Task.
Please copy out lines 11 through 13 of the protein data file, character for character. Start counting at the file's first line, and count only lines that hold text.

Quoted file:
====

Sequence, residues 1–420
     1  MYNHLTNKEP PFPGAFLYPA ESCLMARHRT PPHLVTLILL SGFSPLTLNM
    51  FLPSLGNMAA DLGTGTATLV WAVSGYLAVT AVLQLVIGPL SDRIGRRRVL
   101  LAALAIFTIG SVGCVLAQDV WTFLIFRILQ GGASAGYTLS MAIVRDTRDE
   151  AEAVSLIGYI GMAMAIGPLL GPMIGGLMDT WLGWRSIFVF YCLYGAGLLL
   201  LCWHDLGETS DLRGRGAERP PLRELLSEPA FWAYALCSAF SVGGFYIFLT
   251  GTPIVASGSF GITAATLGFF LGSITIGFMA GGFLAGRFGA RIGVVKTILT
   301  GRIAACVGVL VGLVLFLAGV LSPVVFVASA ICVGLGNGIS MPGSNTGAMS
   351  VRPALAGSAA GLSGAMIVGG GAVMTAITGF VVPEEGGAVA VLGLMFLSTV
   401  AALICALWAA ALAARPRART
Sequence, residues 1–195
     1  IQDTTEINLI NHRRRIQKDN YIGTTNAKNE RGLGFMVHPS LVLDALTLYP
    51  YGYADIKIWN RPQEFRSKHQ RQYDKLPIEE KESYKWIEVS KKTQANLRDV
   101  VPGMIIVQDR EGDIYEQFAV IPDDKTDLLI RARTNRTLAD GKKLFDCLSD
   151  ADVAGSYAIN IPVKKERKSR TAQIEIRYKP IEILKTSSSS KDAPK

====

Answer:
Sequence, residues 1–195
     1  IQDTTEINLI NHRRRIQKDN YIGTTNAKNE RGLGFMVHPS LVLDALTLYP
    51  YGYADIKIWN RPQEFRSKHQ RQYDKLPIEE KESYKWIEVS KKTQANLRDV